|A Weird but Wonderful Christmas!
by R G Pelley
When I was in Cyprus as a young
Lieutenant with the UN in 1968,, I found out, along with other
Canadians, about a hospital near Kyrenia on the north coast where
there was bunch of kids who had gotten done in during the fighting.
Homeless, wounded, problems of malnutrition, amputees, you name it ,
all the bad stuff kids should really never have to live through. So,
thought was given to organizing a visit from good ole Santa Claus
carrying gifts and candy which would probably brighten up their lives.
A collect was made from members of the Canadian Contingent and
some girls from British High Commission volunteered as Santa's
helpers. Somehow I got myself volunteered as Santa Claus. But I
figured if I was going to do Santa Claus, I had to come by air. So I
got chummy with a couple of Brit pilots who weren't worried about
flying outside the rules. I got a Saint Nicolas suit sent in from
Germany and the show was ready to go.
But it was quite an experience, more than I had bargained for. First
of all, instead of letting me down from 25 ft , they figured that
about 125 or so would be a bigger thrill and yep, it sure was!
Especially because I didn't have a proper safety harness, just a
strap tight underneath my arms. My main problem was to stay in the
strap, carry a sack of presents and ring a school bell at the same
time. A secondary problem was that for the Santa look, I had had to
borrow a pair of rubber boots and they were at least a size too large.
So an additional worry was having one of the them fall off and cause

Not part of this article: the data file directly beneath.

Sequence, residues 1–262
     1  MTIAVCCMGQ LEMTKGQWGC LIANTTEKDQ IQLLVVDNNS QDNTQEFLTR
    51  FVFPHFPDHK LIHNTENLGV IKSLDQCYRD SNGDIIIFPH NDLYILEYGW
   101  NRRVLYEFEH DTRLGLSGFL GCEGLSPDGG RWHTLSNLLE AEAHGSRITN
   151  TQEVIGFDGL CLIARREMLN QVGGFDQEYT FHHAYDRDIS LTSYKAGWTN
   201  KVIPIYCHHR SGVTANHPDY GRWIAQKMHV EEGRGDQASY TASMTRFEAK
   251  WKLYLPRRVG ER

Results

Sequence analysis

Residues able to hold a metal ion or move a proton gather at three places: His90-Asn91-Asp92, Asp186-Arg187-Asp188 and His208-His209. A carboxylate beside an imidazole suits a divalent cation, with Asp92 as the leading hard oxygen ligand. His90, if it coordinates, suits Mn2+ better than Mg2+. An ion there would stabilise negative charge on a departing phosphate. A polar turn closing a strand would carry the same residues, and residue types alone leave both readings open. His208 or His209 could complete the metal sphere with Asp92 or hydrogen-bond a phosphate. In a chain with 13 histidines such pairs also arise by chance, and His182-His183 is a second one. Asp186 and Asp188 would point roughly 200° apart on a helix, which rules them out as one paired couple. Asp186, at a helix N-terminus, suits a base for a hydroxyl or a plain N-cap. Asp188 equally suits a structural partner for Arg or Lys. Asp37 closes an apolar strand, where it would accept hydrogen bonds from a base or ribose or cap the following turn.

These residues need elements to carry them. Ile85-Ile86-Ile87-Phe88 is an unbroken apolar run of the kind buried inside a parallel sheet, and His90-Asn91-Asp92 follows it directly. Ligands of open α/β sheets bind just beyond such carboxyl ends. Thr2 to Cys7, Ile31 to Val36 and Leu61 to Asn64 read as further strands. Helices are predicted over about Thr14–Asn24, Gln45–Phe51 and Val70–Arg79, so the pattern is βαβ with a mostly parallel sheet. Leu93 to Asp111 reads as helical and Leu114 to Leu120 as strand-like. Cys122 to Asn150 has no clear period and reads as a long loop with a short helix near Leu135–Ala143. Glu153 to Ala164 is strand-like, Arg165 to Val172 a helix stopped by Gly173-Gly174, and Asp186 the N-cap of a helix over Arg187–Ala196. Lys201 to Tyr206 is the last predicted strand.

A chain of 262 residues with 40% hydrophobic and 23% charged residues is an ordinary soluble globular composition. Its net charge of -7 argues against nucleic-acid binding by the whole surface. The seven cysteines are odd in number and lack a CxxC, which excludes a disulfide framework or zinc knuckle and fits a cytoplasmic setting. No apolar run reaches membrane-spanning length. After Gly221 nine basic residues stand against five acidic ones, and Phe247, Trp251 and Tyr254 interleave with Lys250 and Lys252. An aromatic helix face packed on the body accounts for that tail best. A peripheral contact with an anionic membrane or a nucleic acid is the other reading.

other casualties! All in all, it scared the s..tuffings out of me!
But the worst part was that I had not thought of the big difference
between a Santa Claus suit with the pants and the Saint Nicolas suit
that looks like a dress!! As I came down, the "dress " went up. And
of course the friendly folks in the chopper, having a good grasp of
physics, would drop me down 5-6 feet, stop, and drop let me down
again, with the dress flying up every time. At the time I was wearing
large floppy khaki army shorts which were definitely not
designed for giving a public performance....as Santa's helpers
laughingly pointed out when I got on the ground!
By the time I touched down in the landing zone, I had it all figured
out why they fired me me out at 125 ft instead of 25 !
But when I saw the looks on those kids' faces, I would have done it
all again. These beat-up kids had grins on their faces as big as
When I cam to hall where the kids where, I did a little dance,
mainly to keep my rubber boots from falling off, and all the kids who
could walk joined in. Santa's helpers and the other soldiers who came
along to help got the cue and all the kids in wheel chairs were being
pushed along while the ones on crutches got carried. Man, I tell
you, the Santa Claus parade in downtown Toronto just didn't even come
Looking at the smiles on the faces of these young kids who had seen so
much war, hate, sickness and pain almost made me cry, . Made it all
worth it. As I look at the picture of the kids at the hospital, I see
one little girl in a wheel chair who reminds me a bit of my own
daughter at that age... still can hear my heart thumping every time I
Nobody hates war more than a soldier at any time... at Christmas it is
worse. But that particular Christmas, I think the kids gave me a lot
more than I gave them.
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